Personally, I'm happy if she isn't asked these questions until June 4.  Let her finish the primary season.  But then she needs to be asked them.  No matter what happens with the Credentials Committee, no matter whether she decides to contest its decision at the convention, is this a manner of support she will accept?  It's not too early for her to answer this question.  It is the Big One, after all.  She has gotten herself in a tough position, thanks to her supporters; let's make sure she faces the appropriate questioning.

(3) Acts of grace

Barack Obama will probably be getting a flood of superdelegates soon.  He has the key to resolving the conflict with Hillary once the nomination is safely in hand.  That is: he can direct a certain number of his Michigan delegates to vote as directed by the Clinton campaign.  I think that Harold Ickes said that Obama deserved perhaps 23 of what he tallies up as the 55 uncomitteed delegates, leaving 46 in question -- 46 being the difference between the 69 Obama is getting and the 23 that Clinton concedes.  That is 23 votes.  Obama will be able to lose 23 votes without a problem, eventually.  Once the outcome is settled, he can simply give in on this point, making a convention challenge over Credentials moot.

The important thing, though, is that this would happen not as a matter of right for Hillary, but as an act of grace by Obama.  Only by allowing the matter to be resolved once the outcome no longer matters can Obama preserve the principle that "cheaters never prosper": or, less fancifully, that deterrence of future rulebreaking demands that states can only be excused for their rulebreaking if the benefit they gain thereby cannot effect the result of the overall nomination contest.

Obama can solve this, in other words, once Hillary agrees to withdraw, or one superdelegates make her candidacy irrelevant.  I hope that he will signal soon that such an act of grace will be forthcoming -- as soon as circumstances permit.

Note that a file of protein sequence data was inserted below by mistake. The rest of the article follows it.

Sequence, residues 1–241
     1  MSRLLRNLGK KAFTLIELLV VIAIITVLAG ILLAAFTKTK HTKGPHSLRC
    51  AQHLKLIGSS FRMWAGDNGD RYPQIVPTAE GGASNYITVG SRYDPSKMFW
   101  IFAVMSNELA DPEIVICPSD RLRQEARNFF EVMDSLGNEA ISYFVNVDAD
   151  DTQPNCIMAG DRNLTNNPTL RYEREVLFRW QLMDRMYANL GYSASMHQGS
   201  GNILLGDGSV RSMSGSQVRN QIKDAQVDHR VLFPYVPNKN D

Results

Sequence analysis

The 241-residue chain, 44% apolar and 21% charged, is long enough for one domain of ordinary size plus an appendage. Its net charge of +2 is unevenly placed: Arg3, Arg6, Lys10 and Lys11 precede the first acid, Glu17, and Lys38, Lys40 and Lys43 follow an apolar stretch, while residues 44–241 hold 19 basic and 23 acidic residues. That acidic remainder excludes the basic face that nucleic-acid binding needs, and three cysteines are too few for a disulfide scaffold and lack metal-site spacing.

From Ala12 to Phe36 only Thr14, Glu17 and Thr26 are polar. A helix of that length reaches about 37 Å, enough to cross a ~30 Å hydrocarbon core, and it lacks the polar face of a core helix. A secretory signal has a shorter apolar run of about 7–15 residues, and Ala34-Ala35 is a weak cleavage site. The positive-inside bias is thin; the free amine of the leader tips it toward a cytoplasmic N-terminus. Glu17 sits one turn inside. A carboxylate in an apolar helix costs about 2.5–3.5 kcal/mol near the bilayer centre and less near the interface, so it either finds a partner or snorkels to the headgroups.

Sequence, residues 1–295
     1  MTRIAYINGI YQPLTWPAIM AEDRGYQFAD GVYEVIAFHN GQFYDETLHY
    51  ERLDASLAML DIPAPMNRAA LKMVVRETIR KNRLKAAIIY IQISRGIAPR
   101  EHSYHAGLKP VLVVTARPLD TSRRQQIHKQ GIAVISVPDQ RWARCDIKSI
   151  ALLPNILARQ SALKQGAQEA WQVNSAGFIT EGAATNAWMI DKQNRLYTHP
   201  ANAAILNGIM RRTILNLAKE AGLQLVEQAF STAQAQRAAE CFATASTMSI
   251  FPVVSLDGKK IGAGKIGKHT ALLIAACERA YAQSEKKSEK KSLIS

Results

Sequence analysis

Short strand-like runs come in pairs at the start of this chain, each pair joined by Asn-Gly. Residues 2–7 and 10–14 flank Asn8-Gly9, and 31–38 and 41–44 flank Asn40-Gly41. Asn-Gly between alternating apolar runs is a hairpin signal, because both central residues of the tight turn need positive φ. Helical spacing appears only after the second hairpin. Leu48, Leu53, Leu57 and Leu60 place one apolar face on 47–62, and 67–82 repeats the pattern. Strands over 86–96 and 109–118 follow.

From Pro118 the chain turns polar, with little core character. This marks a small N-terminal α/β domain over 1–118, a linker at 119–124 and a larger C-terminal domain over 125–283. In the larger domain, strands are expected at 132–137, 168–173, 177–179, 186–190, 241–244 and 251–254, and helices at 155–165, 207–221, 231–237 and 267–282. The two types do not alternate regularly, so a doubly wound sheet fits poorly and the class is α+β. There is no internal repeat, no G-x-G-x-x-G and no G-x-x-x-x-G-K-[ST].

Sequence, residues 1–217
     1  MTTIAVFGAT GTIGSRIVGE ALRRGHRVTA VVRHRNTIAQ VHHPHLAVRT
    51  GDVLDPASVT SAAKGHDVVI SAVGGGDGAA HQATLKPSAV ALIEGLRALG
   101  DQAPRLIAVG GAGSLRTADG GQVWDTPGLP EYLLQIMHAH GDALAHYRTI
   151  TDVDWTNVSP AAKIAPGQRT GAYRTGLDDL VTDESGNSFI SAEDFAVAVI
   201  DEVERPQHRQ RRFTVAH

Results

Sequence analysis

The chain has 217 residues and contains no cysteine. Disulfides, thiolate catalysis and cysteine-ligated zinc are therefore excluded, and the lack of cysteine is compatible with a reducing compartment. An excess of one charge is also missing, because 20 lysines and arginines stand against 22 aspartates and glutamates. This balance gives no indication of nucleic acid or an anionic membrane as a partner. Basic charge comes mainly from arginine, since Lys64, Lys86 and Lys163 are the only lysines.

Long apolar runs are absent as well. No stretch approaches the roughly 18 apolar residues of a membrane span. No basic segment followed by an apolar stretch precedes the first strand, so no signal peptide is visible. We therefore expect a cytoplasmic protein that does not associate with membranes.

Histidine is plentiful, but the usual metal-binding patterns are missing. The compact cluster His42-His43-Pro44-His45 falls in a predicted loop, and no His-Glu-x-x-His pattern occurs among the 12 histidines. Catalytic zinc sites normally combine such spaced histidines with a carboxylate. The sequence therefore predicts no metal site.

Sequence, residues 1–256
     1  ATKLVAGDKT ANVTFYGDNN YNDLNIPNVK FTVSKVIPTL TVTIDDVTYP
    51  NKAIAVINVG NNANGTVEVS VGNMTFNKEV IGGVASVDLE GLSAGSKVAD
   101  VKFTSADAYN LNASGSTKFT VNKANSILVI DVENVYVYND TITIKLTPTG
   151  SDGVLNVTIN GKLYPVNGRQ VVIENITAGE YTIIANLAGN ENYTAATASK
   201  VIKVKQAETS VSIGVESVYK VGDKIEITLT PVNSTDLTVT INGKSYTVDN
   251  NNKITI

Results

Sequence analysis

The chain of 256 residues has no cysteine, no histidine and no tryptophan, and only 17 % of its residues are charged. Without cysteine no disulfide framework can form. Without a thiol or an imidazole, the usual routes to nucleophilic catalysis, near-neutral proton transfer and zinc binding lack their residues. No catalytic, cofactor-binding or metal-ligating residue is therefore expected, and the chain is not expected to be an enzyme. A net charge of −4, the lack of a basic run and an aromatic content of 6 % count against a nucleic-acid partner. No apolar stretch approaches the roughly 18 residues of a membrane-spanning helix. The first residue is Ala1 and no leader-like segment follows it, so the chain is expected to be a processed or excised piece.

Originally posted to Doane Spills on Sun Jun 01, 2008 at 03:38 AM PDT.

Poll

What's your view of Harold Ickes?

60%23 votes
28%11 votes
10%4 votes

| 38 votes | Vote | Results

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Comment Preferences

  •  I'll be away from the site pretty much all day (4+ / 0-)

    today also, due to a party celebrating my first anniversary (which will be the first time my wife's family and mine will have met), but I wanted to get this off my chest while it's still reasonably current.  Besides, Monday and Tuesday I have to write diaries about the California primary, for which I'm sure you can hardly wait.

    Overall, I'm happier today that I was yesterday.  It was a good day for Obama.

    John McCain's Court will overturn Roe; don't kid yourself.

    by Seneca Doane on Sun Jun 01, 2008 at 03:41:06 AM PDT

  •  This thread reserved for Kagro X (1+ / 0-)
    Recommended by:
    Spathiphyllum

    should he wish to challenge any of this.  ;7)

    John McCain's Court will overturn Roe; don't kid yourself.

    by Seneca Doane on Sun Jun 01, 2008 at 03:54:36 AM PDT

  •  Ickes is the Colin Powell of the Dems (2+ / 0-)
    Recommended by:
    Spathiphyllum, Seneca Doane

    A good man used and will be spit out by  cynical power brokers. He will be a good Democrat and support Obama strongly in the GE.

    John McCain: Swiss bank paid McCain co-chair to push agenda on U.S. mortgage crisis

    by organicdemocrat on Sun Jun 01, 2008 at 03:59:32 AM PDT

  •  Ickes is just another... (2+ / 0-)
    Recommended by:
    Seneca Doane, NCrissieB

    ..."get off of my damned lawn you lousy kids" kind of guy.

    The Clinton supporters were disrespectful to say the least. In fact, I'm surprised they weren't escorted from the building. But I seriously doubt she'll denounce them. She needs them.

    From what I've seen, this is over and Obama has won the nomination. Clinton conceding is just a technicality that may be a long time coming. However, my personal theory (as kos puts it: pulled out of you-know-where) is that she won't concede or denounce her distruptive supporters because she needs money from them to pay off her campaign debt. She'll make more in fundraising off of people she can still convince that she has a chance to win in spite of the odds: rake in the donations from desperate pissed off supporters unwilling to give up while while she spends as little as possible on actual campaigning.